Autumn Vineyard Photo Essay, Part 3: Relics of a Challenging Vintage
Autumn Vineyard Photo Essay, Part 5: Grenache

Autumn Vineyard Photo Essay, Part 4: Seeding the Cover Crop

There's not much to do in the vineyard at this time of year.  You need to wait for everything to go fully dormant before you prune, and once harvest is complete, the only typical action you take is to make sure that the vines get some irrigation as they're going dormant (the better to store up energy for a good start the next spring).

One thing that we do in November, weather permitting, is to prepare the ground for a cover crop.  The cover crop plays multiple roles, providing erosion control, weed control, fertilization, and a habitat for beneficial insects.  The cover crop that we use is a custom-mixed blend of sweet peas, oats, vetch and clover. 

The first stage is to disc the ground to break up the roots of anything that remains from the previous winter and allow for better penetration of both seeds and moisture.  You can see, in this photo up between two rows of Roussanne, the newly tilled ground in the middle:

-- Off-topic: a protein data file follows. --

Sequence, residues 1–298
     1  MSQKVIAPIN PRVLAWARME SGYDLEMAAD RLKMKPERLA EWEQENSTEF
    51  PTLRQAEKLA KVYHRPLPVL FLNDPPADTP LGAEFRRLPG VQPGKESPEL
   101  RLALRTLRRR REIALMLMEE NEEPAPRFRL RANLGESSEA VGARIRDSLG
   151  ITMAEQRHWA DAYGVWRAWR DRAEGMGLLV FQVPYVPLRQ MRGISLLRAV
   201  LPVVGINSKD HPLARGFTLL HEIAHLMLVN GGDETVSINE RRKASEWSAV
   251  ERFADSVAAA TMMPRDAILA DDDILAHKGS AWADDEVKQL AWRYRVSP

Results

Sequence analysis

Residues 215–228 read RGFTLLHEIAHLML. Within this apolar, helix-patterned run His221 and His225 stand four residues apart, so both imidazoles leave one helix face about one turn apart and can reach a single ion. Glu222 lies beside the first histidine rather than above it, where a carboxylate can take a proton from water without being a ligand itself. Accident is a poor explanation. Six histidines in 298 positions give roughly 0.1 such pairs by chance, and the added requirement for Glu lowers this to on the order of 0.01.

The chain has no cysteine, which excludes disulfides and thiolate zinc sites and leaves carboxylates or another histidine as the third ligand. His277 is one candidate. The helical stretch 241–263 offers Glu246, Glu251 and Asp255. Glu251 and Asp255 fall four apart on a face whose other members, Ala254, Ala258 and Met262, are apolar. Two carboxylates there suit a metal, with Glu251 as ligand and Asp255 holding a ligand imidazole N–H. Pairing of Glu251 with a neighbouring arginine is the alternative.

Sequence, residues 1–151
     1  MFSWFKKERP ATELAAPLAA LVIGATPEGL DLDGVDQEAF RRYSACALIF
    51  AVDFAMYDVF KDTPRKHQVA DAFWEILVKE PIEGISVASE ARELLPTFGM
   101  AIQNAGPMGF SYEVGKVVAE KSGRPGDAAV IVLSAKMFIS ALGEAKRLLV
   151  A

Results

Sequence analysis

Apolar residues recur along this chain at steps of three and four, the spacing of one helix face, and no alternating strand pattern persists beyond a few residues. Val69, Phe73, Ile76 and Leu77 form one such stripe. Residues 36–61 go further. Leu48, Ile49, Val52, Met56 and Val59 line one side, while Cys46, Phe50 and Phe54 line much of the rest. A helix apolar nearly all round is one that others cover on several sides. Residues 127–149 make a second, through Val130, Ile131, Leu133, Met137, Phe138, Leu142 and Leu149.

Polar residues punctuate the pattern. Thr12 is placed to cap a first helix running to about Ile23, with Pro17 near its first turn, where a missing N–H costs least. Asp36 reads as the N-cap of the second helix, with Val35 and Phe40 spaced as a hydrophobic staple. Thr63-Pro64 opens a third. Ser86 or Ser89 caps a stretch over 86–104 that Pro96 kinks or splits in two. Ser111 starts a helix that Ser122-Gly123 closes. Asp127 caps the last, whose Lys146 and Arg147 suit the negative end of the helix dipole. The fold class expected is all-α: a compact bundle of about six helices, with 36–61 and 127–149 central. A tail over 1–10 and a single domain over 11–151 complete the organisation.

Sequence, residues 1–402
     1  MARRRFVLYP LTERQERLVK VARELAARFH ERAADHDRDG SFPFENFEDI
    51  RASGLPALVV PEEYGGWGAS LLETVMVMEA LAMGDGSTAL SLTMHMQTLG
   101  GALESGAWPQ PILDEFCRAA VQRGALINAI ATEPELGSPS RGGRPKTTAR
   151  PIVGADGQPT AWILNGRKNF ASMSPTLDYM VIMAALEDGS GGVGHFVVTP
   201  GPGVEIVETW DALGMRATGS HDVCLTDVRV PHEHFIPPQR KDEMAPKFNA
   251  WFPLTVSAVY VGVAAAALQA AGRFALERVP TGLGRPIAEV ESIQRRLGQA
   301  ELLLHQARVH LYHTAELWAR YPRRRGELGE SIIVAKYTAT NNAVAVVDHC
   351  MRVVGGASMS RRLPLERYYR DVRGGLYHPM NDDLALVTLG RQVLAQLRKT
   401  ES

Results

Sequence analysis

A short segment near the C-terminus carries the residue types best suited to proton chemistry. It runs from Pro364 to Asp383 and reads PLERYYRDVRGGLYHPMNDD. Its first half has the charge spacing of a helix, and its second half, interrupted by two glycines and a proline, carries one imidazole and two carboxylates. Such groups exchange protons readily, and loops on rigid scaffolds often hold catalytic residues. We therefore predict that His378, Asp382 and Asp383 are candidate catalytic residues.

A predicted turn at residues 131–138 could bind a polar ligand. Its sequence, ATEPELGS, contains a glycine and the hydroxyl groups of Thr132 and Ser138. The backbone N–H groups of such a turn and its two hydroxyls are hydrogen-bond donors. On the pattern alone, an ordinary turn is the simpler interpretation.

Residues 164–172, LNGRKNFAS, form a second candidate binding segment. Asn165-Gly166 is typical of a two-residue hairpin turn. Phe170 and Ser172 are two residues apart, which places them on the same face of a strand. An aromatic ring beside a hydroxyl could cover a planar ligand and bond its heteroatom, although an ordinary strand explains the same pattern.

As you can see from the above photo, we've already got some green grass growing in the rows after our inch and a half of rain from the very beginning of the month.  There's more rain scheduled to come early next week, and we wanted to get everything seeded while the ground was still firm enough for tractors.  Another nice shot of the new grass growing growing among the limestone rocks at the top of the vineyard, looking down over the vineyard's oldest section of Grenache:


And finally, one shot of the newly-tilled earth, with a piece of limestone glowing in the autumn sun, clearly showing its signature sedimentary layers: